(versão em portugues aqui)
Two movies I’ve recently seen on Netflix that could have the same name (Noah Baumbach’s Marriage Story, Tamara Jenkins’ Private Life), and share the same setting (New York’s intellectual elite, though the former is set mostly in Los Angeles), and most of the same themes even though they focus on almost opposite aspects of their characters’ lives (divorce, a late attempt to conceive a child).That said, I had very opposite reactions to them.
Jenkins’s movie premiered last year at Sundance when it was acquired by Netflix and it was languishing unseen on my watchlist for more than year. Baumbach’s has been circulating at fall festivals and arrived on the streaming service earlier this month.I feel guilty about taking so long to see Private Life since I like Jenkins’s other two movies (she makes one every ten years or so).My friend Eduardo Valente often jokes about how scared he is about the speed with which we watch the Netflix movies, but I always get the impression that this has a lot to do with the blackhole that is the service’s watchlist, if you don’t watch soon, the movie dies unseen over there.A triumph for the economy of now.I mention that too because the commodification of private lives runs through both films as much as through streaming logic.
In Private Life, we have a theater director (Paul Giamatti) and a writer (Kathryn Hahn) looking to have a child after the age of 40. Over two years of trying, their personal and professional life is virtually on hold because of it (the film is very good at suggesting that nothing else in the world exists for both of them), nothing works no matter how many hormone injections she takes and the adoption attempts are not much more successful and ultimately they choose to purchase the eggs from his non-biological niece for an artificial insemination.In. Marriage Story, we have a theater director (Adam Driver) and an actress (Scarlett Johansson) in divorce proceedings (she wants to spend more time in her native Los Angeles, he hates California with the passion of a Woody Allen character) whose only big question is how best to organize their child custody, but which goes from friendly to inhuman after she decides to hire a lawyer to handle the case.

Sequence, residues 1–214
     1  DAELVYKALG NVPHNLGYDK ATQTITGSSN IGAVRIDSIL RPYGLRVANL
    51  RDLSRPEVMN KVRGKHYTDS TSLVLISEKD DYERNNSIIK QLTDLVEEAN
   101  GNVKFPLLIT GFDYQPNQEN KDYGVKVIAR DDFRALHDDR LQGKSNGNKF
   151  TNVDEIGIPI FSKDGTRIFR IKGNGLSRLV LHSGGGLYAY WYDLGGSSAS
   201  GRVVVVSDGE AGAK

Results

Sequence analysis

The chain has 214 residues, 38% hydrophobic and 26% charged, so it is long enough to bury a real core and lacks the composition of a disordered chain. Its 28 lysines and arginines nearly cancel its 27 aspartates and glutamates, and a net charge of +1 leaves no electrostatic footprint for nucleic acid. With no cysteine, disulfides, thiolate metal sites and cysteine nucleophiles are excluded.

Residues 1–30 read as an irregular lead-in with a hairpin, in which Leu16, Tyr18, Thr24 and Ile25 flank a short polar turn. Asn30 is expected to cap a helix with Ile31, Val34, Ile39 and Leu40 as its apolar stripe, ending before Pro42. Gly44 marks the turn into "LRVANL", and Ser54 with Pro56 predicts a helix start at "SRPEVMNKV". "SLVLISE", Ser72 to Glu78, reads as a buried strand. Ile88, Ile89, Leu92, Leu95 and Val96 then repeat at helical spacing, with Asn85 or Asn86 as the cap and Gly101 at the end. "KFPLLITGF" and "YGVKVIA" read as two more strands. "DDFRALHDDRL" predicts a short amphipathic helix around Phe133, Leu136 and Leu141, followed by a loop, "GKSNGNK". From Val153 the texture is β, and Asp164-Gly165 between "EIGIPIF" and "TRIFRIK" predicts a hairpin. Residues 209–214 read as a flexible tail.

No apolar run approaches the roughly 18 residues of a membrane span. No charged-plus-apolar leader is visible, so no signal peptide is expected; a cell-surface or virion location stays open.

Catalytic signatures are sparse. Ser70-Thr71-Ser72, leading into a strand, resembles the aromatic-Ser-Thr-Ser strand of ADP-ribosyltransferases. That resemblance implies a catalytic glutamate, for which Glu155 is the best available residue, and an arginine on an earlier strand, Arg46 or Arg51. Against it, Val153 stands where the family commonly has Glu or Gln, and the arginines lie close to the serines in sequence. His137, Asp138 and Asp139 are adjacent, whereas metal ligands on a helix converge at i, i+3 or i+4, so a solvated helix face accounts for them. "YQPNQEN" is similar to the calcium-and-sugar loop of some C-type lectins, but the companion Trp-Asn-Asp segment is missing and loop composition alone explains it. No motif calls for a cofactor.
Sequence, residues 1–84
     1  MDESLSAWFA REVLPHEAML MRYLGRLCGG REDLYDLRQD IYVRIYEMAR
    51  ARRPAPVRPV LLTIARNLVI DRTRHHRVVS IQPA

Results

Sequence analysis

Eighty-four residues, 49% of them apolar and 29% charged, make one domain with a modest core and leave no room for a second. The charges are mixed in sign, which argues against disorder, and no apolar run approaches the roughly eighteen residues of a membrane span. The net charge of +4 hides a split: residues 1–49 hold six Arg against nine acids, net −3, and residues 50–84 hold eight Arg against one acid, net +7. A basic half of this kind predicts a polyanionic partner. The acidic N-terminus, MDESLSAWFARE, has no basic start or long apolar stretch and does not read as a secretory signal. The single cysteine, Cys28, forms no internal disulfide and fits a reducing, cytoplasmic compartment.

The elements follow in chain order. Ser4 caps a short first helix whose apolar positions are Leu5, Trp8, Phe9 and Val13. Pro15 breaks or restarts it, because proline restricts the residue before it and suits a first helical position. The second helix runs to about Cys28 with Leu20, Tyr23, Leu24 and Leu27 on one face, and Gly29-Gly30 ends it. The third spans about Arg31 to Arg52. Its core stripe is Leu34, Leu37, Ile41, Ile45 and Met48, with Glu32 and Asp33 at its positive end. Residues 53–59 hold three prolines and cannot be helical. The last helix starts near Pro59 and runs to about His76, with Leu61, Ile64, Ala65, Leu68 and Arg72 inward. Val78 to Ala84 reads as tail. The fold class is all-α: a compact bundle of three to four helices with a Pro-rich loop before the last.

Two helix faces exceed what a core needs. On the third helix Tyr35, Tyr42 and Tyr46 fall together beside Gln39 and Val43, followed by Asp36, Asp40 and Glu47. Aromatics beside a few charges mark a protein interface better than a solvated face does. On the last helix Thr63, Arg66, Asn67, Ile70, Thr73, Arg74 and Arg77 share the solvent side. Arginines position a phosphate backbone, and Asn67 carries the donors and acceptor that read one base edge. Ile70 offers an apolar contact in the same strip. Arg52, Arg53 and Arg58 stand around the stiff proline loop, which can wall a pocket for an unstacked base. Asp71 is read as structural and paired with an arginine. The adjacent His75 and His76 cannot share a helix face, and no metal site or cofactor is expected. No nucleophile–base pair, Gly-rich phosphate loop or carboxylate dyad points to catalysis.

Both films are at their heart about the same issue: an intimate and private event mediated by a commercial industry (reproductive medicine in Private Life, divorce law in Marriage Story) and how this involvement exacerbates the cruel relationships of power among them.They are also both about legacy and transference, but this is much more developed in Jenkins’ film, which helps it to arrive at a more human face.
Marriage Story as already noted in much of its press coverage is a semi-autobiographical film with Baumbach’s experiences in his divorce with Jennifer Jason Leigh as a starting point (so when Driver complains about agreeing to direct a couple of bad plays to pay lawyers, the filmmaker refers to have written Madagascar 3 to cover legal bills and so on).The film finds its most effective moments precisely when it focuses on the lawyers.There’s a comical legal thriller on the edges of Marriage Story, and both Laura Dern and Ray Liotta are great at schewing scenes like the two legal cyborgs.The sequence in which Liotta twists Johansson’s career to suggest that Driver deserves part of her salary on a new TV series is a highlight.